I am so grateful that I did. Not only was she an instant friend in a city where I knew practically nobody, but my stay in DC was rough and she made it so much better- she was definitely a bright spot in an otherwise dreary six-month stay in DC. She seemingly went out of her way to make me feel at home there. Every party that she was invited to, she asked me to come along; she made sure that I was not alone on any holiday that I stayed in town. She always invited me out to dinner or to go watch a movie. She introduced me to her friends, one of whom is one of my best friends today. She opened her house to me and showed me her hospitality without ever hesitating. She even attended the viewing party for the University of Texas- Iowa State football game with me and took on a bar full of UT fans chin first. She was bold and never doubted herself, her opinions or her right to share those opinions with whomever would listen.

I don't think that there is anything else I can share with you that you didn't already know or that someone else hasn't already mentioned. I met Mari-Rae while I was on a long road trip and felt that it was only fitting that I say good-bye to her by driving to her memorial service this weekend. I am thankful not only that Mari-Rae was a part of my life but that I got to hear so many wonderful things about her. I can only hope, and now begin to make sure, that I touch so many people in such a positive way.

Jennifer Rankin

Stephanie Riska Pearson 9-18-01
Reflections of Mari-Rae

Mari-Rae was one of my first friends when I moved to Dallas in 1992. We both worked for a start-up marketing company that catered to the performing arts in the DFW area. Althoughour jobs there lasted only a few months (Mari-Rae had us all convinced that the owner was a crook - which we later found out she was right and the company went under), our friendship lasted far beyond that. One of my favorite memories of her was a Halloween party that we attended with another friend, Beth Geisler. We dressed up as the Three Blind Mice and one can only imagine how well Mari Rae acted the part. She never did anything halfway. :)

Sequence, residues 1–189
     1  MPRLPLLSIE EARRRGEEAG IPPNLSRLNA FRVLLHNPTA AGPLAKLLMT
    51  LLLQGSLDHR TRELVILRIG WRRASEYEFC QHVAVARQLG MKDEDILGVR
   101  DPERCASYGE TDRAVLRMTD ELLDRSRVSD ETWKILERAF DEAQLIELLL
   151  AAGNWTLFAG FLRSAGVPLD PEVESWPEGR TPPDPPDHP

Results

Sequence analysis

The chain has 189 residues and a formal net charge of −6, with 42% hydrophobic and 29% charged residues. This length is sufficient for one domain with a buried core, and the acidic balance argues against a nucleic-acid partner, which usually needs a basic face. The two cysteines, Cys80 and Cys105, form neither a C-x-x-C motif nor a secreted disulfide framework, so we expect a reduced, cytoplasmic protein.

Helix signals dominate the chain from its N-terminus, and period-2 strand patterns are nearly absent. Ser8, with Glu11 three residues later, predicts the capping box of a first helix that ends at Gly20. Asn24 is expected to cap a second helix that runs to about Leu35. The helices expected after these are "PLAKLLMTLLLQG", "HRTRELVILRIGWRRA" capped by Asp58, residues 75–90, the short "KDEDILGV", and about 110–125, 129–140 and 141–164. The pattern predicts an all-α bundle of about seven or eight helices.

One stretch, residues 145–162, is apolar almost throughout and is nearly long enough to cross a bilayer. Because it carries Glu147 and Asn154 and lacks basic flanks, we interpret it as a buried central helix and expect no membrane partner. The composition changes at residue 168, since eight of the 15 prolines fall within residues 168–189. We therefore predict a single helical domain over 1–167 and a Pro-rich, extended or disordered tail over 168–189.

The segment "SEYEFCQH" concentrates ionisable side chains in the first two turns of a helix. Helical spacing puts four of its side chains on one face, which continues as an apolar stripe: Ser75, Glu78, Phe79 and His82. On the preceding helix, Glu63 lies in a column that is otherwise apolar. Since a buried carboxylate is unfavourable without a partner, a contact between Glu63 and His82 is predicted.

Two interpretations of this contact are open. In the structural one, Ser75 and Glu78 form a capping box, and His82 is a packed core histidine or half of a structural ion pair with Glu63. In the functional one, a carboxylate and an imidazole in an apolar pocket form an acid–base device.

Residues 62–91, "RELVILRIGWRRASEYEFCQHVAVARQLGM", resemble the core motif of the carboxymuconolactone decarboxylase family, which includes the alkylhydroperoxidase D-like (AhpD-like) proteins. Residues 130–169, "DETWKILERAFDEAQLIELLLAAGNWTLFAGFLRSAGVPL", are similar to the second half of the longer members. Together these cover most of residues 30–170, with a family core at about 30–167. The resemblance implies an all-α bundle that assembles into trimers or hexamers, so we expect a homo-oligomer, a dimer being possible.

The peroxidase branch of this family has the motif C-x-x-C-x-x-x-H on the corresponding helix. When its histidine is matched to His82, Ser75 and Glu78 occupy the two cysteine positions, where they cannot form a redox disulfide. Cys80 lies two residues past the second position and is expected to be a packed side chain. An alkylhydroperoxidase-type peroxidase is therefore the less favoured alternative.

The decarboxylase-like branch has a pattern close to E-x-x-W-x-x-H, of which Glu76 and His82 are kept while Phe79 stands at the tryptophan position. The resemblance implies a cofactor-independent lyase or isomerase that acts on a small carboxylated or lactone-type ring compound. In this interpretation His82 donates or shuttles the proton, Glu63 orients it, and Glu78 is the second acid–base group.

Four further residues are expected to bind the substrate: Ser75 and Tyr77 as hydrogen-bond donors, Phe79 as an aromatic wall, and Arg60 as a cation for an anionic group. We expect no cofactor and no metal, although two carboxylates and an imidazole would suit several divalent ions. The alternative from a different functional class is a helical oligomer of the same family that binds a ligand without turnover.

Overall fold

After Mari-Rae left Dallas, she was always so good about keeping touch and made every effort to get together whenever she passed through Dallas.Sometimes she would only have a 45 minute layover and she would still try to see if we could meet for lunch or dinner. Once I flew through Denver on my way to Crested Butte and she went out of her way to meet me for my 30 minute layover.Because we had to board theplaneearly, our visit only lastedlong enough tosay Hi andhave a quick drink. I felt terrible that she went out of her way for such a short visit and she was just happy that we were able to see each other. Needless to say, she was always a very dedicated and loyal and true friend.

Two weeks ago we weretalkingabout how soonshe could get back to Texas to visit Sheila Parodi in Austin and then come to Dallas to meet my new daughter, Sophie,after she got settled in Santa Barbara.That conversation lead into all of the other people she wanted to see and things she needed to do.Mari Rae always managed to have afull scheduleand I was constantly amazed at how she never ceased to put all of her energy into everything she did,work or play.

Mari-Rae, your zest for life has greatly impacted everyone around you. You have a set a great example for how we should live our lives and love ourfamilies and friends. I love you and will miss you dearly.

Sandy 9-17-01
Mari-Rae - Reflections

Where do you begin when you describe Mari-Rae? I have never been able to think of her without laughing to myself about something crazy she said or did. Mari-Rae was unique, and beautiful and talented. She had a rare way of looking at the world - she was trusting, non-judgmental and full of ideas. But for all of the talent and skill she possessed - and for all of the unbelievable achievements she had - it is the moments when she was just being "Mari-Rae" that I remember the best.